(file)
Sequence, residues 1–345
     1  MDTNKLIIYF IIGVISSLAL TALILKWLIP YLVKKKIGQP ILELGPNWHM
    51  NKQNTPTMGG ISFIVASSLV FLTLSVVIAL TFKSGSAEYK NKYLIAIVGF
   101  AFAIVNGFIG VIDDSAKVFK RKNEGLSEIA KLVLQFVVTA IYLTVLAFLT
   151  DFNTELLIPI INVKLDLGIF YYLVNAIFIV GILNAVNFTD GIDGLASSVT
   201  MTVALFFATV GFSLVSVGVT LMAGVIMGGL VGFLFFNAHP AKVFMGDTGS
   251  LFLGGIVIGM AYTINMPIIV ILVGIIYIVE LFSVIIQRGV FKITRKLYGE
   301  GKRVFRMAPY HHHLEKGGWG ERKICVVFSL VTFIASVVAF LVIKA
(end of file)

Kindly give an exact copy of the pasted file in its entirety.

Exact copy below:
Sequence, residues 1–345
     1  MDTNKLIIYF IIGVISSLAL TALILKWLIP YLVKKKIGQP ILELGPNWHM
    51  NKQNTPTMGG ISFIVASSLV FLTLSVVIAL TFKSGSAEYK NKYLIAIVGF
   101  AFAIVNGFIG VIDDSAKVFK RKNEGLSEIA KLVLQFVVTA IYLTVLAFLT
   151  DFNTELLIPI INVKLDLGIF YYLVNAIFIV GILNAVNFTD GIDGLASSVT
   201  MTVALFFATV GFSLVSVGVT LMAGVIMGGL VGFLFFNAHP AKVFMGDTGS
   251  LFLGGIVIGM AYTINMPIIV ILVGIIYIVE LFSVIIQRGV FKITRKLYGE
   301  GKRVFRMAPY HHHLEKGGWG ERKICVVFSL VTFIASVVAF LVIKA